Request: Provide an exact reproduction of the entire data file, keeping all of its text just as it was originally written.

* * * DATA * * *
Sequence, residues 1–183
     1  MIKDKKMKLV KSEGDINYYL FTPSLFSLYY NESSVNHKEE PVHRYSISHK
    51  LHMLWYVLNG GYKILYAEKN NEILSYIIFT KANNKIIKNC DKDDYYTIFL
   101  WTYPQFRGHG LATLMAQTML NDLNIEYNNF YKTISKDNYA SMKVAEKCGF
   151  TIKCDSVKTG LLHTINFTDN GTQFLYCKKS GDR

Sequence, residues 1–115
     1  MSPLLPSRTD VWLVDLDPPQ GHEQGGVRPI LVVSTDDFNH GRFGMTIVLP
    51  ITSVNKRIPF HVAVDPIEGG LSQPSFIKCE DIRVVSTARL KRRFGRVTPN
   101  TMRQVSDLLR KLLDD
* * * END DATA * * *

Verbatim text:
Sequence, residues 1–183
     1  MIKDKKMKLV KSEGDINYYL FTPSLFSLYY NESSVNHKEE PVHRYSISHK
    51  LHMLWYVLNG GYKILYAEKN NEILSYIIFT KANNKIIKNC DKDDYYTIFL
   101  WTYPQFRGHG LATLMAQTML NDLNIEYNNF YKTISKDNYA SMKVAEKCGF
   151  TIKCDSVKTG LLHTINFTDN GTQFLYCKKS GDR

Sequence, residues 1–115
     1  MSPLLPSRTD VWLVDLDPPQ GHEQGGVRPI LVVSTDDFNH GRFGMTIVLP
    51  ITSVNKRIPF HVAVDPIEGG LSQPSFIKCE DIRVVSTARL KRRFGRVTPN
   101  TMRQVSDLLR KLLDD